The Sims 2: New neighborhoods and new features!

donderdag, juli 15, 2004 - 23:30

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The Sims 2

New neighborhoods and new features!

by Steve Butts

EA's Hot Summer Night afforded us another chance to check in with The Sims 2. Due out September 17, the game is looking better and better every time we see it and this particular viewing was no exception. Better still, we found out a few things that the developers weren't ready to reveal at E3 this year.

To begin with, the game will ship with three neighborhoods. The first neighborhood, Pleasantview, is fairly traditional and even includes some of the existing characters from the first game. But since it's now 25 years later, expect some changes. Mortimer Goth, now in his 50's, is very wealthy. Dana, who has the wealth aspiration, is looking to marry rich. These types of pre-loaded contexts are perfect for players who are more intimidated by the blank slate approach.

The second neighborhood is Veronaville and it features a pair of teenage lovers, one from the Capp family, one from the Montys. Can you guess where this one is headed?

Strangeland, the third neighborhood, sounds like the most interesting of all. Set in a sort of desert environment, it comes with a UFO crash site and some mysterious standing stones. The houses here are fairly unique as well with lots of interesting and unusual architecture.

Of course, you can make your own neighborhoods if you like and even move families from one neighborhood to another. That's a fairly drastic move though; the family members maintain their own internal relationships but sever all ties with people from the previous neighborhood.

We also had a chance to see the movie-maker in action again. This time around, we followed the Grunts family's suspicions of their next door neighbors, the Smiths. General Grunt is particularly worried about who, in addition to having the unlikely name of Pollination Technician 9, also has green skin and large black eyes. General Grunt spends his nights watching the skies through his telescope and his days forcing his kids to run through a large obstacle course. One son, Tank, really likes doing this; the other, Buzz, can't seem to stand it at all.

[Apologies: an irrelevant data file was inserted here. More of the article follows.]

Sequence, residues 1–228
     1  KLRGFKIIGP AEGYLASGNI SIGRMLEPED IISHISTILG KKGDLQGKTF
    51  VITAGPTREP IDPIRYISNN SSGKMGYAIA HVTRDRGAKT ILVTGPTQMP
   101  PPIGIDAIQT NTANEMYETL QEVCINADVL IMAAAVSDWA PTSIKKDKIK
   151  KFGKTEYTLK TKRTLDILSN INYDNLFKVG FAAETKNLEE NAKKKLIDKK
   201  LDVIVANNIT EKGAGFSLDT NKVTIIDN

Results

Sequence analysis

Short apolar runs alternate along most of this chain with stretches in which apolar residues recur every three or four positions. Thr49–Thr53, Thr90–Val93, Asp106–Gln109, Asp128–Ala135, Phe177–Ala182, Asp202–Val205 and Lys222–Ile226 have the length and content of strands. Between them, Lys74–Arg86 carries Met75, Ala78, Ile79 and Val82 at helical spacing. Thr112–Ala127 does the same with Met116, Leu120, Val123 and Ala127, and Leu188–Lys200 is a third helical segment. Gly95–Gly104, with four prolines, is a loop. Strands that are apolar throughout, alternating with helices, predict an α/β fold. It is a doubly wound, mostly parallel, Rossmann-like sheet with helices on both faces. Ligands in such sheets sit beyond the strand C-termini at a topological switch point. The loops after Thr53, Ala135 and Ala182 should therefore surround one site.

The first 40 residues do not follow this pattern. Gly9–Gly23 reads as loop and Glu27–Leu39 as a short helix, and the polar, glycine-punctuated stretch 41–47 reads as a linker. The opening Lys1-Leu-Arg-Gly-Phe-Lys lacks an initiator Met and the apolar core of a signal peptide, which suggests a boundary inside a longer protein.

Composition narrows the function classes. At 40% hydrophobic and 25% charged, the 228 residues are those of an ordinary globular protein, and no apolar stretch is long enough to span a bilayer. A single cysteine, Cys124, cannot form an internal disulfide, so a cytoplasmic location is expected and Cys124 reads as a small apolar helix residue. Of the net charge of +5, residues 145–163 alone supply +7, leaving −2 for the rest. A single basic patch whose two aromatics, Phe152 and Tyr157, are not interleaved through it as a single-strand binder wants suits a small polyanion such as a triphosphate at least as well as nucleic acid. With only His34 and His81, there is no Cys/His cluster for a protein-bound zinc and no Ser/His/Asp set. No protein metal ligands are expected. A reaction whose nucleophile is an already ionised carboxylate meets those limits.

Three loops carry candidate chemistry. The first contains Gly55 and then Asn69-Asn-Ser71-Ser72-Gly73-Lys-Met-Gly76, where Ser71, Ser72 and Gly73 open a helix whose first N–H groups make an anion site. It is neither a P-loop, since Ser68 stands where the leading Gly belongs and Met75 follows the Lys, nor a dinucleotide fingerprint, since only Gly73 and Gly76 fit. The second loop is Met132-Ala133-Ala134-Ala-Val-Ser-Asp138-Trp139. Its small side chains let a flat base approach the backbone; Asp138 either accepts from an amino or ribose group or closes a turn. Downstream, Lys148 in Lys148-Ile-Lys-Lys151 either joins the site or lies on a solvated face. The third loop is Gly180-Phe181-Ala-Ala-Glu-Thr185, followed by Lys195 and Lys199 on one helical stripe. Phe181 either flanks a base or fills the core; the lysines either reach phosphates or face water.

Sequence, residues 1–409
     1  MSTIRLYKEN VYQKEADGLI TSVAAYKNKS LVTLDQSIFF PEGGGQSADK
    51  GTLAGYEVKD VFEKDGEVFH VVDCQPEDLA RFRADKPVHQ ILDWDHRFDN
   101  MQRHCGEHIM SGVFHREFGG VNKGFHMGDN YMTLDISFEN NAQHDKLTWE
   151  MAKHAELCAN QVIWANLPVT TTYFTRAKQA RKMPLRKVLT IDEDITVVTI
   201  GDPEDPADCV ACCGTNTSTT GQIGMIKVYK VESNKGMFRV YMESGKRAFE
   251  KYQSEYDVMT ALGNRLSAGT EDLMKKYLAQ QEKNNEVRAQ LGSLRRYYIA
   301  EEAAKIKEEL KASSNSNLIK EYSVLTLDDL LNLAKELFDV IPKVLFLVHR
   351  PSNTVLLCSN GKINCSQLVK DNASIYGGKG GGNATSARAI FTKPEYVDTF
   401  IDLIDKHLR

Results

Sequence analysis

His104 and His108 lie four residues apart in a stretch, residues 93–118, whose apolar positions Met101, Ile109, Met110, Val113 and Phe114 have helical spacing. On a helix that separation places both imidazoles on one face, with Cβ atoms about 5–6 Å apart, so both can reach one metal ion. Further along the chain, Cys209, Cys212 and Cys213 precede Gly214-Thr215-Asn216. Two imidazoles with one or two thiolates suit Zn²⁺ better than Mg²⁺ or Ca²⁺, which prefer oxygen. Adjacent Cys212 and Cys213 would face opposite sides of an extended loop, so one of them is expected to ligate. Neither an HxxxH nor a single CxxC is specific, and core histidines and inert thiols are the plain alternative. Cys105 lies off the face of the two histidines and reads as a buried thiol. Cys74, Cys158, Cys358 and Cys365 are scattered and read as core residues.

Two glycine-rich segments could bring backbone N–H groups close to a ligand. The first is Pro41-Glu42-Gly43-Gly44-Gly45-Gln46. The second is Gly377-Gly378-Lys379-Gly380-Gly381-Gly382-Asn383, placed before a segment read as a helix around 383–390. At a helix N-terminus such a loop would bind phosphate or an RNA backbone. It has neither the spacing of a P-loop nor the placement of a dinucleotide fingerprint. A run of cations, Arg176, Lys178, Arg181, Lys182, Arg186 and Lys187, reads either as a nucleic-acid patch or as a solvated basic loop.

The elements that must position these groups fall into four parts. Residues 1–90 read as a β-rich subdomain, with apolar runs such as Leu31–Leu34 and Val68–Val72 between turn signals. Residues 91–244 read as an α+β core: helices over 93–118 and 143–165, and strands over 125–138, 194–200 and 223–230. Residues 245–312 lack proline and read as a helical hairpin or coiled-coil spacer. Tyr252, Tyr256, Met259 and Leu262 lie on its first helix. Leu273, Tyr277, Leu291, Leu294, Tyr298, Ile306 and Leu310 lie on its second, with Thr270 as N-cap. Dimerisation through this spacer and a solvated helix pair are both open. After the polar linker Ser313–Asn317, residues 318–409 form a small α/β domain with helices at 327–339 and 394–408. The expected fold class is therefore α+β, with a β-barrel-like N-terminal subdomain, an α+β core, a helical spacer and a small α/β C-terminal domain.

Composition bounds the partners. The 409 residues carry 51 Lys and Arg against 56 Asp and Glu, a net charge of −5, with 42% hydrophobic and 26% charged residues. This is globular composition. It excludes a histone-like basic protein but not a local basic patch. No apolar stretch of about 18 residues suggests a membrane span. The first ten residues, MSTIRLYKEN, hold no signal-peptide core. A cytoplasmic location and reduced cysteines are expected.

The Smith's son, Johnny, doesn't really get along with Tank. He'd rather spend his time flirting with Ophelia. Since Johnny's aspiration is for popularity, he's into winning games, flirting with girls, and irritating Tank. Since Johnny's body skill is pretty high, Tank needs to work out a bit before it comes to a fight.

As Johnny succeeds in his aspiration (the motivating force behind the Sims' actions) he gains points to spend on reward objects. Johnny might buy some cool shades that help him make friends easier or he might purchase a money tree that he can harvest for some quick cash. He can also gain access to a love tub so he and Ophelia can really start to get to know each other.

If Johnny is really good at his aspiration track, he can reach a new platinum status. This is the game's equivalent of being ecstatically satisfied with life, so much so that normal problems don't tend to worry you too much. Now, I'm not entirely sure what this is supposed to feel like in real life, but I'm sure it must beat the hell out of how I usually feel. Sims in this platinum mindset won't have as much trouble managing the everyday aspects of their lives.

We'll be back tomorrow with plenty of game footage and an interview with the game's executive producer Lucy Bradshaw.




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